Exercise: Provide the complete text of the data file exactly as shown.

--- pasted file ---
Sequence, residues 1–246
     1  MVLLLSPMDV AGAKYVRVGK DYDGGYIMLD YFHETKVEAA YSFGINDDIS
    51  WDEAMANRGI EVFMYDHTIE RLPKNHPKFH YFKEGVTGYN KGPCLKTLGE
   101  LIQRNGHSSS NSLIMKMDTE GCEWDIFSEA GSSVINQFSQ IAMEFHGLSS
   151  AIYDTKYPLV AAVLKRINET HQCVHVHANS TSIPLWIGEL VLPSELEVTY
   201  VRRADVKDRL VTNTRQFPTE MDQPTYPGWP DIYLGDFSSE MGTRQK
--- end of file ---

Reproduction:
Sequence, residues 1–246
     1  MVLLLSPMDV AGAKYVRVGK DYDGGYIMLD YFHETKVEAA YSFGINDDIS
    51  WDEAMANRGI EVFMYDHTIE RLPKNHPKFH YFKEGVTGYN KGPCLKTLGE
   101  LIQRNGHSSS NSLIMKMDTE GCEWDIFSEA GSSVINQFSQ IAMEFHGLSS
   151  AIYDTKYPLV AAVLKRINET HQCVHVHANS TSIPLWIGEL VLPSELEVTY
   201  VRRADVKDRL VTNTRQFPTE MDQPTYPGWP DIYLGDFSSE MGTRQK